Tanzania Daily News (Dar es Salaam)

East Africa: EAC Countries Sign Peace and Security Protocol in Dar es Salaam

THE five partner states of the East African Community signed a Peace and Security Protocol in Dar es Salaam.

The signing of the agreement was followed by the open-air burning of 3,193 illicit firearms at Ukonga Prison Grounds on the outskirts of Dar es Salaam. The protocol signed yesterday outlines co-operation in ensuring peace and security for the region and in combating crime.

The document spells out 15 areas in which it gives the EAC mandate to proceed with implementation. As a result, Uganda's Minister of Defence, Dr Crispus Kiyonga said, the EAC will soon have a Director General in charge of Peace and Security. A Council of the EAC in charge of Peace and Security will also be formed.

Tanzania's Vice-President, Dr Mohammed Gharib Bilal was the chief guest at the torching of the illicit firearms. Saying the dangers from proliferation of small arms and light weapons was affecting tourism through poaching of wildlife, Dr Bilal urged regional governments to hunt down criminals mercilessly.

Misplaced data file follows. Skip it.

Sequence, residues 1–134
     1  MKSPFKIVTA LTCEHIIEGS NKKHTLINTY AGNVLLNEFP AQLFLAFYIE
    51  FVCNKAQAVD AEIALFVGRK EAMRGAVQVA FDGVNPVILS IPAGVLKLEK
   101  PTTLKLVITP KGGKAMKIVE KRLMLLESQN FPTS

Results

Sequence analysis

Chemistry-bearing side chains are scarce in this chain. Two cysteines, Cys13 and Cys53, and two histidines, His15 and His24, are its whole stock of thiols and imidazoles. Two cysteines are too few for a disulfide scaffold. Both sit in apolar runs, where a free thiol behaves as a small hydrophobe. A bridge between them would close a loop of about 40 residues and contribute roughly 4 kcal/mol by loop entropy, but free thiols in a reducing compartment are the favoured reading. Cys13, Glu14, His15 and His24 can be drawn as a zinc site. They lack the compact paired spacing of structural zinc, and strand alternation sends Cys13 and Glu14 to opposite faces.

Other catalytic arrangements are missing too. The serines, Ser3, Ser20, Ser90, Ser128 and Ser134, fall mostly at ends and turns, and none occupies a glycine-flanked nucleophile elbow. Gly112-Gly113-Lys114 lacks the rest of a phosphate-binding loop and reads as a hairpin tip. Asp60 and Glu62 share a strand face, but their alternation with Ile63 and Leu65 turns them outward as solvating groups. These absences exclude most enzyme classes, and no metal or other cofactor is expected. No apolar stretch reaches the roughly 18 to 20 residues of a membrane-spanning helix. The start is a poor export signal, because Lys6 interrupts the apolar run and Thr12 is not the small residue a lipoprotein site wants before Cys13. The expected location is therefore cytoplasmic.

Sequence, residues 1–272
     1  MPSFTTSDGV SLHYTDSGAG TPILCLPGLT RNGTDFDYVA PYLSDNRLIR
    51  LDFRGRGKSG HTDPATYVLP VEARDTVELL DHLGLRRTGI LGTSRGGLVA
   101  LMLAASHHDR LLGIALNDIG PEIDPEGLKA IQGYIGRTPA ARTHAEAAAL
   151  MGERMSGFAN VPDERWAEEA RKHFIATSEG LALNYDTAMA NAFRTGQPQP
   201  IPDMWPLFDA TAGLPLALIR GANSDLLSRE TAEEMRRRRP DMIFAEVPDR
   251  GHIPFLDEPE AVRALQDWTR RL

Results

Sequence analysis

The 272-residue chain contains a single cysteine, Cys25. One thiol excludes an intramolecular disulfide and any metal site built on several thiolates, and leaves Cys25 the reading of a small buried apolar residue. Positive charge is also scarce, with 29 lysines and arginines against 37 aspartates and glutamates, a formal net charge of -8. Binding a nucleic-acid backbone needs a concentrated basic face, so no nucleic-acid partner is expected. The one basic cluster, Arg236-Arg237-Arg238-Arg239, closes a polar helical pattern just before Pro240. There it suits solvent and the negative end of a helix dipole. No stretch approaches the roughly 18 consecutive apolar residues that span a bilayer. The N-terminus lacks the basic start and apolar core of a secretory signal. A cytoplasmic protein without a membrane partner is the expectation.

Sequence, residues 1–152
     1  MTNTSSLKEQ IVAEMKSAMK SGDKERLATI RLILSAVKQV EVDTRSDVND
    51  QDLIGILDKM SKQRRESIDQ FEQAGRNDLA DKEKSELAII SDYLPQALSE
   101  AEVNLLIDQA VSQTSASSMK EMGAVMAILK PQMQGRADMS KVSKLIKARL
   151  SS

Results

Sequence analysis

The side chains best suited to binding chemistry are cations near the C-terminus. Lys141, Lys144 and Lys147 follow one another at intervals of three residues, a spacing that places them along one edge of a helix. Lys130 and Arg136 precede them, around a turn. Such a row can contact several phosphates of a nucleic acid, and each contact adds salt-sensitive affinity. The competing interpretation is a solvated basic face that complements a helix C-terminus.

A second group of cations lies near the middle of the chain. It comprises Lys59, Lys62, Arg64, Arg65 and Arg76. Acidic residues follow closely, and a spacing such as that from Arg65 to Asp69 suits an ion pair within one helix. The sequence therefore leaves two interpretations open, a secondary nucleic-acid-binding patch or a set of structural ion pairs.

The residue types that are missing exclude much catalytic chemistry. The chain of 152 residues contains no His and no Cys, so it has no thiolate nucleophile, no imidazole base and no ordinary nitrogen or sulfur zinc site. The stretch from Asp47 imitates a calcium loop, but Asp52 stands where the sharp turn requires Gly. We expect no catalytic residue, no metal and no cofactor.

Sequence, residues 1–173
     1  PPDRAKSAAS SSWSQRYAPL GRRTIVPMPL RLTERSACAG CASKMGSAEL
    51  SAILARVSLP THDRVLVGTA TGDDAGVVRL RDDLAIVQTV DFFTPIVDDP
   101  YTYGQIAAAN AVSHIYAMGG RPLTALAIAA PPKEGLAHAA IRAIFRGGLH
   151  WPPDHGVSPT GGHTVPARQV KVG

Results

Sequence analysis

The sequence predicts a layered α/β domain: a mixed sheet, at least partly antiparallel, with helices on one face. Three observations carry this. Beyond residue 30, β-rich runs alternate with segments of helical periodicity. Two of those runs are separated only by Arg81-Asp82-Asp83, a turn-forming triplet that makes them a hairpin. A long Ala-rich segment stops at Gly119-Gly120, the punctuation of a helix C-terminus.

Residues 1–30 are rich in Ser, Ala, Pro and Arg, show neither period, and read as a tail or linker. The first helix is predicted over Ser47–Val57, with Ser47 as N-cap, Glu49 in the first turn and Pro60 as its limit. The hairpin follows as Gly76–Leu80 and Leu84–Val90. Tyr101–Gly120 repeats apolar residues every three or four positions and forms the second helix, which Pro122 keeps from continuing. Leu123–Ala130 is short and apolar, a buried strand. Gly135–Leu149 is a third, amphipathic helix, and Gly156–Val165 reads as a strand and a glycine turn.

Increased armed crime in Tanzania, he said, was attributable to the presence of illegally acquired firearms. "Tackling the problem of illicit arms is not an easy task. I recognize that those in possession of illicit weapons are dangerous criminal networks with international affiliations.

For those of our countries that have previously faced or are currently going through internal turmoil, this exercise will be particularly difficult. It is our responsibility to address this challenge because it has enormous repercussions in our lives and development agenda," he said.

The EAC Project on Curbing the Proliferation of Small Arms and Light Weapons in the East African Community has received support from the German government over the past six years. The German ambassador to Tanzania, Klaus-Peter Brandes, said that Germany was keen on disarmament and arms control as these were key to building a global security architecture of the future.

"Weapons increase the intensity and duration of armed conflicts, undermine the sustainability of peace agreements, impede the success of peace building and frustrate efforts aimed at the prevention of armed conflict."

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